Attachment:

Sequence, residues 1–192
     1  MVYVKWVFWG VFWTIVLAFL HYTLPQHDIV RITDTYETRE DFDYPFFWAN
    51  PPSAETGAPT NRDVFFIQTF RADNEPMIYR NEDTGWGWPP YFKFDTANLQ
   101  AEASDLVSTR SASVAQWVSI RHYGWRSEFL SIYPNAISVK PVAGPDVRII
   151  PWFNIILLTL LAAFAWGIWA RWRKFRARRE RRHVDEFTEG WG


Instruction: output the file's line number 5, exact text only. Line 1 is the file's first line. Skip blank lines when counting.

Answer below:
   151  PWFNIILLTL LAAFAWGIWA RWRKFRARRE RRHVDEFTEG WG